A good friend said one morning after we returned from traveling to the other side of Pennsylvania, “Well, that’s a lot of travel for gymnastics competitions and I’m not sure I’d want to do it.” Yes, I agreed, it sure is a lot. And it’s particularly awful when you have a 7:45 check-in time on the morning of spring daylight savings time change! Given where we live, this sport does require quite a bit of travel. And yes, it does get expensive.
As we talked, I wondered about when you are single parenting three boys, how do I make decisions about the limited resource of money? After all, there was a recent new roof to be put on the house. The Little Guy needed an expander for braces. And there’s other sports and activities. On top of that, these boys seem to be constantly hungry and want food!! It made me reflect a bit about whether gymnastics is worth the time and money I put into it for this Little Guy.
On the surface, I kid with people that he’s in gymnastics because if he was home those two evenings a week and on Saturday mornings, he’d be stuck on a screen. At least for seven and a half hours a week, I’m not spending a lot of negative energy trying to get him off a screen. And I joke that when people tell me, “Don’t let your kids play ice hockey – it’s too expensive,” I reply, “Have you tried competitive gymnastics?”
So for me, here’s why I sink time and money and energy into this sport.
Strength. You should see the muscles on this little man. A fellow gymnastic mother lamented the other day that her 6-year-old son’s cute little baby belly had flattened into a strong six-pack. I agreed it was surprising to see the definition form. The Little Guy’s six-pack and biceps are the envy of his 11-year-old brother and all the kids in the neighborhood. And, this physical strength has done him well. The summer after his first competition season, The Little Guy became an amazingly fast swimmer on the little community swim league. He had perfect form. His arms motored him from one end of the pool to the other without effort. His body is toned, his coordination is extraordinary, and he’s able to easily pick up other athletic skills.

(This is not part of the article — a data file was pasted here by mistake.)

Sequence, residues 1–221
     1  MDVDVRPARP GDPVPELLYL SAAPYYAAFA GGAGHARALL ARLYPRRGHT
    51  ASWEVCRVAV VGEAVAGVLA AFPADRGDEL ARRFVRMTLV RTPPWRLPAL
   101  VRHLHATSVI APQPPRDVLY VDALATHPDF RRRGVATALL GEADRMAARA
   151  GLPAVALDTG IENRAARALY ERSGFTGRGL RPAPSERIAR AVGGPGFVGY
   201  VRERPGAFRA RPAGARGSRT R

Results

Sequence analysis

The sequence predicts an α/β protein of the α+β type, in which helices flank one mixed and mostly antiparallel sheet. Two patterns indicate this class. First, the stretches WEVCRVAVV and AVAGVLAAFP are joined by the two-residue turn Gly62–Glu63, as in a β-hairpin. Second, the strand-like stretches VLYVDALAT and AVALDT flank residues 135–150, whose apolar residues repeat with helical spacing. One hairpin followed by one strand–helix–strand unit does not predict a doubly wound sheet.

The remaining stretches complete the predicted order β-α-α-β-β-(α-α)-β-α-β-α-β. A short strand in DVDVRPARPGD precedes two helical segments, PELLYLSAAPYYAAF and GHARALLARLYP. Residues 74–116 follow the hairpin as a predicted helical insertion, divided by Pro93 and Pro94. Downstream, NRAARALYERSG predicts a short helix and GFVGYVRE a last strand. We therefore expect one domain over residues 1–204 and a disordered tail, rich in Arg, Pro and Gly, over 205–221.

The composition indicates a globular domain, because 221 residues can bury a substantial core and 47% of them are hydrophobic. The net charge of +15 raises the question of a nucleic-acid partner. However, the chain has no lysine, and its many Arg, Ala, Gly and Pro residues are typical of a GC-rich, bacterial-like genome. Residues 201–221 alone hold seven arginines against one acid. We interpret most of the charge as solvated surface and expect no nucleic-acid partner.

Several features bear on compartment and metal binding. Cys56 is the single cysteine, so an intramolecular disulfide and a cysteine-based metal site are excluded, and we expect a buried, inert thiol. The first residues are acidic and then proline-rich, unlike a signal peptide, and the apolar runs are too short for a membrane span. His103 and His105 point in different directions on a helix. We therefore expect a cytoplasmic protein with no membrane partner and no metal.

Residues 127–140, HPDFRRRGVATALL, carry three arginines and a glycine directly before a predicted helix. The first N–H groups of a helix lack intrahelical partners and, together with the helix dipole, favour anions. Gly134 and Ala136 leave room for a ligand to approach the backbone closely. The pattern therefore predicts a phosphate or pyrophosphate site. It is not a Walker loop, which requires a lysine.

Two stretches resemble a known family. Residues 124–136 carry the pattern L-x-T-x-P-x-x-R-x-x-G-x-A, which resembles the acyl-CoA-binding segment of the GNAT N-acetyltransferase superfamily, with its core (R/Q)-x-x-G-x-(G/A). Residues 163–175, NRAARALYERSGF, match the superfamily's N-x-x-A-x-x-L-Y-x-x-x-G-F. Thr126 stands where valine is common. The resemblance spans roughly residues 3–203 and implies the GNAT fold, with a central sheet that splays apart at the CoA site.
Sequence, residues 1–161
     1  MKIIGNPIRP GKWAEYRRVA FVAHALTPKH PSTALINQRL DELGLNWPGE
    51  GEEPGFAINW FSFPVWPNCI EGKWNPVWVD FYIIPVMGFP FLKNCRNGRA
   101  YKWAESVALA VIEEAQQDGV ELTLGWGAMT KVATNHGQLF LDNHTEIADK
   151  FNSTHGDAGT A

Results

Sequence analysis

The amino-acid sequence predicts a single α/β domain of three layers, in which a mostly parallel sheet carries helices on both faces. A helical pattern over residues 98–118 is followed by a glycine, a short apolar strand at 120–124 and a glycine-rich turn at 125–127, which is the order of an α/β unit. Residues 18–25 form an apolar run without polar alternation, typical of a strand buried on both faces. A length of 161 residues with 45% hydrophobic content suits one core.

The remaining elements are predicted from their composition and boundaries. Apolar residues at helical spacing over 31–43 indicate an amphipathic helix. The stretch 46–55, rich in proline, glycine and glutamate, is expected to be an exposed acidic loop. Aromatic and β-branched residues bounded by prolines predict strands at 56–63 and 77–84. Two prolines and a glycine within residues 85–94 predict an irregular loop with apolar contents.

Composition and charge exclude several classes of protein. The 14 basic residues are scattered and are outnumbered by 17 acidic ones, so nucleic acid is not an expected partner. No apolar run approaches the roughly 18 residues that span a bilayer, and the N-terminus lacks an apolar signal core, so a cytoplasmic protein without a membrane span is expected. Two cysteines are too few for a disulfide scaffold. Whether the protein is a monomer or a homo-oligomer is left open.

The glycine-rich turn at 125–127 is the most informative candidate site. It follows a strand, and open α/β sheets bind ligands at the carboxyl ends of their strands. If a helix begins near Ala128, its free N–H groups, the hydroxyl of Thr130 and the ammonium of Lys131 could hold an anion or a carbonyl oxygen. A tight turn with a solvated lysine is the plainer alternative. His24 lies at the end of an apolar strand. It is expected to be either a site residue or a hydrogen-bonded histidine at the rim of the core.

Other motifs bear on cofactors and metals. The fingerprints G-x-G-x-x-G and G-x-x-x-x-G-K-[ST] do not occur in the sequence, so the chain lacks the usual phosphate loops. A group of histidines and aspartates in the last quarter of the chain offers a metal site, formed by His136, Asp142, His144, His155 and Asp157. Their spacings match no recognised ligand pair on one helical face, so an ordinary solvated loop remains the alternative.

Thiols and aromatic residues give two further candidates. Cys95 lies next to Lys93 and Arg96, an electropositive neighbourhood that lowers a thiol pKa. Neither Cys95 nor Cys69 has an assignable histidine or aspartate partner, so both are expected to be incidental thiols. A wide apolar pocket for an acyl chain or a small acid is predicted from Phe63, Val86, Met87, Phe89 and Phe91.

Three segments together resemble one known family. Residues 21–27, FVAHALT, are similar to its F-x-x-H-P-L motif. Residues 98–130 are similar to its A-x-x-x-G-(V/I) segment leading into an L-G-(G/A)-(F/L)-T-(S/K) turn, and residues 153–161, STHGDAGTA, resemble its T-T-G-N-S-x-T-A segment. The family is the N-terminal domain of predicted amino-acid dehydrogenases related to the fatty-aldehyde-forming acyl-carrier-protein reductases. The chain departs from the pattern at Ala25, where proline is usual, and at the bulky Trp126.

Power. More than the physical strength, though, this Little Guy has developed an amazing emotional strength and confidence. Mind you, he already exuded far more confidence than you’d expect out of a tiny human being, but he has honed that into a confidence that explodes when he walks into a room. A few weeks ago, he decided to do a “dance” for the school talent show. He didn’t practice at all. He didn’t see the need. He walked onto the stage and did whatever dance moves came to him. He has developed an inner power that makes him invincible.
Determination. There’s one thing that hours and hours of practice promote and that is a strong sense of determination and independence. The gymnasts are taught a certain skill and expected to work on it on their own. They are given a routine and are expected to practice it until they have it down perfectly. They are expected to remember how many swings to do before doing a release move on the high bar. They must remember to hold their legs exactly 90 degrees straight out in front of their body while hanging perfectly still from rings suspended in the air and not forget to point their toes. Not only is their brain remembering all this, their muscles are remembering all this and their bodies are aching. At one point toward the end of last season’s competition, the Little Guy had “rips” (torn skin in the palm of his hands that start with a blister and can tear open and bleed). Nonetheless, he wrapped sports tape around his hands and competed through the pain. At the age of seven. Pushing through difficulty, showing up, controlling his impulses, representing his team, trying his best. There are tremendous life lessons that he’s working through.
The thing is, I realize that his competitions also pull at my competitive nature. I start feeling frustrated and disappointed that he’s not “doing better” or “getting a better score” or remembering to point the toes. I have to step back and remember that there’s very few…very very few….8-year-old boys who can do this at all and who are willing to make this commitment. In truth, he is utterly and entirely amazing as are all the gymnasts.
So, I try not to think of the money. I try not to be tired of driving back and forth. I try to decide what is best for my boys. For now, gymnastics is nurturing and shaping this amazing little 8-year-old. For now this hard work and learning from tough coaches is important for him. For now, the comaraderie of his teammates and the great group of parents is an important part of our family life. He might not continue after this season. We’re on break right now due to the coronavirus (and he was sad Saturday morning when I told him gymnastics was cancelled even though he’s usually begging to “skip” a practice). And he’ll take a break over the summer to give his brain and body a rest. But I sure will support him if he wants to continue. And we’ll keep using those long drives to competitions as opportunities to explore our region (visiting Gettysburg and Philadelphia have been quite fun!) and to bond as a family.
For now this sport is worth it. We all know life changes rapidly!